Word Buzz Wednesday: pseudoaddiction, Twinkie defense, gastfreundschaft

Twinkies: Comics Lied!

Welcome to Word Buzz Wednesday, your go-to place for the most interesting words of the week. The latest: a questionable condition, a questionable defense, a cozy feeling.

pseudoaddiction

“At one point, during an appointment to which Moore accompanied him, a doctor assured him that he suffered from pseudoaddiction—and needed not fewer opioids, but more.”

Esme E. Deprez and Paul Barrett, “The Lawyer Who Beat Big Tobacco Takes On the Opioid Industry,” Bloomberg, October 5, 2017

Pseudoaddiction, says Bloomberg, is a “questionable condition” in which: 

behaviors normally associated with addiction—requesting drugs by name, displaying a demanding or manipulative manner, or seeking out more than one doctor to obtain opioids—might be signals that a patient needs more pain medication, not less.

The concept was coined in 1999 by J. David Haddox, a pain doctor and employee of Purdue Pharma, the maker of the pain medication, OxyContin. The idea of pseudoaddiction was promoted in Responsible Opioid Prescribing, a 2007 publication “distributed by the Federation of State Medical Boards and co-sponsored by Purdue.”

bump stock

“Officials confirmed that Las Vegas shooter Stephen Paddock had 12 rifles fitted with bump stocks in the hotel suite he used to stage his attack.”

Lois Beckett, “The NRA made a concession on bump stocks – but did we all just get played?” The Guardian, October 6, 2017

According to The Guardian, a bump stock is “a device that allows semi-automatic rifles to mimic the rapid fire of a fully automatic weapon.” While Democratic gun control advocates proposed an outright ban of the device and and some Republican Congress members might support the ban, the National Rifle Association (NRA) suggested only “additional regulations.”

Sixties Scoop

“A class-action lawyer is applauding the federal government’s decision to give Sixties Scoop adoptees financial compensation.”

Jillian Taylor, “Sixties Scoop settlement ‘in the best interest of all class members': Lawyer,” CBC News, October 6, 2017

The Sixties Scoop took place in parts of Canada in the 1960s, in which children of Aboriginal peoples were “scooped up” from their families and placed in foster homes or adoption. The practice seems to have been along the same lines of the residential school system that was in effect from the 1880s until 1996. The idea was to “educate” these children on “Euro-Canadian and Christian values so they could become part of mainstream society.”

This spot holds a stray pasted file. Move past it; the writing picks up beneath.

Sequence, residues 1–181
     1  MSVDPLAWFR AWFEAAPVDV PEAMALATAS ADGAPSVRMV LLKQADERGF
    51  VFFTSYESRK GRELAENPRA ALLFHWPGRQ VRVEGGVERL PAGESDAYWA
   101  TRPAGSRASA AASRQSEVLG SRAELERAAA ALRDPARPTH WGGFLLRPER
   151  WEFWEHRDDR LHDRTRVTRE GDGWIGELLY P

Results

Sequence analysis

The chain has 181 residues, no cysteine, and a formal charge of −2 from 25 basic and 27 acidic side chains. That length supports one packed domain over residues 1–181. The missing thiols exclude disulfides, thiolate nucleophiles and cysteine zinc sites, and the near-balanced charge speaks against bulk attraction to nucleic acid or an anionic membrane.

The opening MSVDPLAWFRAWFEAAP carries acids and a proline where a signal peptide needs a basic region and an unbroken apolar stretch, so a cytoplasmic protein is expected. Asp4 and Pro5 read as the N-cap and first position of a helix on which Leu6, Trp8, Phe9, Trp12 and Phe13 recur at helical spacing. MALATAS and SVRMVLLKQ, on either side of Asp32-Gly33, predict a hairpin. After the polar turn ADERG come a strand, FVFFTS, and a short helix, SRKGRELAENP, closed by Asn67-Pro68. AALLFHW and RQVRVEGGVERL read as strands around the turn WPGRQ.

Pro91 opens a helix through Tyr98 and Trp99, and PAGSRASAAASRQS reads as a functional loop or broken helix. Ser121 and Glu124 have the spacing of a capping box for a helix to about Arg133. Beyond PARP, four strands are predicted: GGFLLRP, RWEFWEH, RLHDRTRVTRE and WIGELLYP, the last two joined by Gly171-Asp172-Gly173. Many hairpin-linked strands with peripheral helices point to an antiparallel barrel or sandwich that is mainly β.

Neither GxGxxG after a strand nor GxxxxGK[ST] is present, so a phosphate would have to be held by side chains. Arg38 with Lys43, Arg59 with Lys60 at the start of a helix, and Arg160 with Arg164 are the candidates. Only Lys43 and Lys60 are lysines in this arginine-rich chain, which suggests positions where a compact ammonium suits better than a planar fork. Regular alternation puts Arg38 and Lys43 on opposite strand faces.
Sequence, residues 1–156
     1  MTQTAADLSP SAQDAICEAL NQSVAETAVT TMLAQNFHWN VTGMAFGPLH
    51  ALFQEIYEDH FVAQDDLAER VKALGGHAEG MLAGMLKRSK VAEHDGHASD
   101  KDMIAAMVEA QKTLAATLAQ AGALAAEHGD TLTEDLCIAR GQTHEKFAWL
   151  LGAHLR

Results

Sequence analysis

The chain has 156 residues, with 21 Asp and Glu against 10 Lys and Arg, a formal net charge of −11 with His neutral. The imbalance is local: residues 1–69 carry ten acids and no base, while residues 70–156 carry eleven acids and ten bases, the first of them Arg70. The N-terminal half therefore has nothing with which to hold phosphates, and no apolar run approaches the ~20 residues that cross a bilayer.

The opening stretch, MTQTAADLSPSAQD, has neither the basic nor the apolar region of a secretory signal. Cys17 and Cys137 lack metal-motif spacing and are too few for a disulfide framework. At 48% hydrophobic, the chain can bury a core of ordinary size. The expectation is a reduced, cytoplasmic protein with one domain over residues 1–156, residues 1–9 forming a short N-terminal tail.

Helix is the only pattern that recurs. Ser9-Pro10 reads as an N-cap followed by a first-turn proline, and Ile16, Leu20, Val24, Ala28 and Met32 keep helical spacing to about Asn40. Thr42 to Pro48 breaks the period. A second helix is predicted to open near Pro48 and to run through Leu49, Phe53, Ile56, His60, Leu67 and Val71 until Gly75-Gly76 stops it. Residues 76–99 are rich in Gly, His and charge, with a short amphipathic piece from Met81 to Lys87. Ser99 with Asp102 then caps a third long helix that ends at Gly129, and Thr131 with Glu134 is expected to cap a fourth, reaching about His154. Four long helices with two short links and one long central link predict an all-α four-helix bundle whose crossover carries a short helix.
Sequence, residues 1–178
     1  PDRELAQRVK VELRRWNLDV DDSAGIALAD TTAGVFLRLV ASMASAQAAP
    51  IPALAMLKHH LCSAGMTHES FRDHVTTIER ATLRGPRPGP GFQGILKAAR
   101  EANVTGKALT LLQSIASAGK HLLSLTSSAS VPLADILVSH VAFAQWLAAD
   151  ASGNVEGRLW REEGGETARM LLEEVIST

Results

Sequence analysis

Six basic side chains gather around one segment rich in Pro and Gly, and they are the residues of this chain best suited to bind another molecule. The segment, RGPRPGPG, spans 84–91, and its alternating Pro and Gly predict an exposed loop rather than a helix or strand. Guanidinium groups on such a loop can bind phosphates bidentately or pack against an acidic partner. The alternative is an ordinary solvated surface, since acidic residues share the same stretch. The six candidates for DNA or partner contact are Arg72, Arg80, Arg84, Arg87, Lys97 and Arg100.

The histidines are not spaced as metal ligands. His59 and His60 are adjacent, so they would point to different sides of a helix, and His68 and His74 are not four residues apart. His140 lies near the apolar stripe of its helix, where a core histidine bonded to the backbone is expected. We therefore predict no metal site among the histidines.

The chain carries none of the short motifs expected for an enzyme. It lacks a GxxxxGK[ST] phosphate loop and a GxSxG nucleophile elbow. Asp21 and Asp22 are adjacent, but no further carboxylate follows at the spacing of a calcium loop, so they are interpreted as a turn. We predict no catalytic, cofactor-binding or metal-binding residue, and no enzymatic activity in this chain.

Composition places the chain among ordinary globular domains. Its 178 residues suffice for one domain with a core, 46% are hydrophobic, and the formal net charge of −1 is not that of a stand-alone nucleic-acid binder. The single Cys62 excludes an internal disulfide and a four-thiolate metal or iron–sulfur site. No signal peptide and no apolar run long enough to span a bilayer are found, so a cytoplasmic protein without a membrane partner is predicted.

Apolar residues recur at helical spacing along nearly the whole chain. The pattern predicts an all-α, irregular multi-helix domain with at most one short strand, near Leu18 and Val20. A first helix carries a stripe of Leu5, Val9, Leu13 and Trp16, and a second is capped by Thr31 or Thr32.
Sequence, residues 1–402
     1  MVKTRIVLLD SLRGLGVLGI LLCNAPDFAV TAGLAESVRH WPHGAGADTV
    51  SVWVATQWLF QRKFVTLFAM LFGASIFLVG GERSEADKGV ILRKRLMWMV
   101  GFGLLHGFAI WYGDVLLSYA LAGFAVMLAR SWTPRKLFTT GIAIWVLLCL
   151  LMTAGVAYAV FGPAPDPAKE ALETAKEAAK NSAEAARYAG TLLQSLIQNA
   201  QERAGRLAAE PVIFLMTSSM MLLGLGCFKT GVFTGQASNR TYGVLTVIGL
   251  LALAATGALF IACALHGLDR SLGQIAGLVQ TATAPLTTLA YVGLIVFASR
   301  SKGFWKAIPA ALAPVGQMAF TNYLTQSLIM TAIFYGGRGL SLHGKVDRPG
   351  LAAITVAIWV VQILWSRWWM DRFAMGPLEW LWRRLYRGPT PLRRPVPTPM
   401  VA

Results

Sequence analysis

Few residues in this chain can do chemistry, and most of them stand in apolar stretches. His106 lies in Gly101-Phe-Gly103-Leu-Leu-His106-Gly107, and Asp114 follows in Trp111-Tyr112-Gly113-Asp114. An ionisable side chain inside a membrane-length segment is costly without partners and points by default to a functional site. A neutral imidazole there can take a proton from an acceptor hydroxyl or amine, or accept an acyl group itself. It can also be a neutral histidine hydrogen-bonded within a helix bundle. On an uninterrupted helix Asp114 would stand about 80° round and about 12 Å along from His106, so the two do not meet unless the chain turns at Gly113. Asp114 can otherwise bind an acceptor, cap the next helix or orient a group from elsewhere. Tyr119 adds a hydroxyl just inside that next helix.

Twinkie defense

“In reality, the Twinkie defense is a form of diminished capacity defense.”

Robin L. Barton, “Understanding the So-Called ‘Twinkie’ Defense,” The Crime Report, October 5, 2017

The Crime Report says the term Twinkie defense was coined by the media during the 1978 coverage of the trial of Dan White, “who was charged with murder for the shooting deaths of San Francisco Mayor George Moscone and Supervisor Harvey Milk.” The defense “presented evidence that White suffered from mental illness, including depression,” which was further exacerbated by his “excessive consumption of junk food—including Twinkies.”

Since then the Twinkie defense has become “shorthand for any defense in which the accused blames the consumption or use of some substance for his or her actions.”

gastfreundschaft

“No matter what form they take, the common denominator for the best German bars — besides beer, wurst and sauerkraut — is a sense of what’s called ‘gastfreundschaft,’ says Marco Santomauro, the general manager of New York City’s Paulaner Brauhaus.”

Albert Stumm, “Best German bars around the world,” CNN, October 10, 2017

Gastfreundschaft is a German term that means cozy and homey, says CNN, but also “being surrounded by good people that you like.”

Leave a Reply